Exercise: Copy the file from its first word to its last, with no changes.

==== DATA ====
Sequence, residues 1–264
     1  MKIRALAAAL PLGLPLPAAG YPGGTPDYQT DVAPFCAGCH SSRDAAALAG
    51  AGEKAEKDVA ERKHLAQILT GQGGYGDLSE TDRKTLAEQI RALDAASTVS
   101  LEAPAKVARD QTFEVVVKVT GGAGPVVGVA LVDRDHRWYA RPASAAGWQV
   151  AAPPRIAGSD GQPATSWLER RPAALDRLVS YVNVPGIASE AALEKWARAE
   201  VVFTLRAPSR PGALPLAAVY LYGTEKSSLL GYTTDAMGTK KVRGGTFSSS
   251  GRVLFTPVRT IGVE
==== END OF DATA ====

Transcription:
Sequence, residues 1–264
     1  MKIRALAAAL PLGLPLPAAG YPGGTPDYQT DVAPFCAGCH SSRDAAALAG
    51  AGEKAEKDVA ERKHLAQILT GQGGYGDLSE TDRKTLAEQI RALDAASTVS
   101  LEAPAKVARD QTFEVVVKVT GGAGPVVGVA LVDRDHRWYA RPASAAGWQV
   151  AAPPRIAGSD GQPATSWLER RPAALDRLVS YVNVPGIASE AALEKWARAE
   201  VVFTLRAPSR PGALPLAAVY LYGTEKSSLL GYTTDAMGTK KVRGGTFSSS
   251  GRVLFTPVRT IGVE